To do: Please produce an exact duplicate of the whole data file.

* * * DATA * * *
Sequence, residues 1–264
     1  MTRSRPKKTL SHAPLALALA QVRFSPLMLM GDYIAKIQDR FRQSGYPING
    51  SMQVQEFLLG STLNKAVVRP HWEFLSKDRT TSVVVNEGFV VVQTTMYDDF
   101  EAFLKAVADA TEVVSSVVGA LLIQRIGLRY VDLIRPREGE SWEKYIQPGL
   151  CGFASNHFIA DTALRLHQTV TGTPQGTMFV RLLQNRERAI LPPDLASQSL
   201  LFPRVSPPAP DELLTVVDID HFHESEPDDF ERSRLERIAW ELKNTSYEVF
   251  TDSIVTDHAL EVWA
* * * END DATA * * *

Sequence, residues 1–264
     1  MTRSRPKKTL SHAPLALALA QVRFSPLMLM GDYIAKIQDR FRQSGYPING
    51  SMQVQEFLLG STLNKAVVRP HWEFLSKDRT TSVVVNEGFV VVQTTMYDDF
   101  EAFLKAVADA TEVVSSVVGA LLIQRIGLRY VDLIRPREGE SWEKYIQPGL
   151  CGFASNHFIA DTALRLHQTV TGTPQGTMFV RLLQNRERAI LPPDLASQSL
   201  LFPRVSPPAP DELLTVVDID HFHESEPDDF ERSRLERIAW ELKNTSYEVF
   251  TDSIVTDHAL EVWA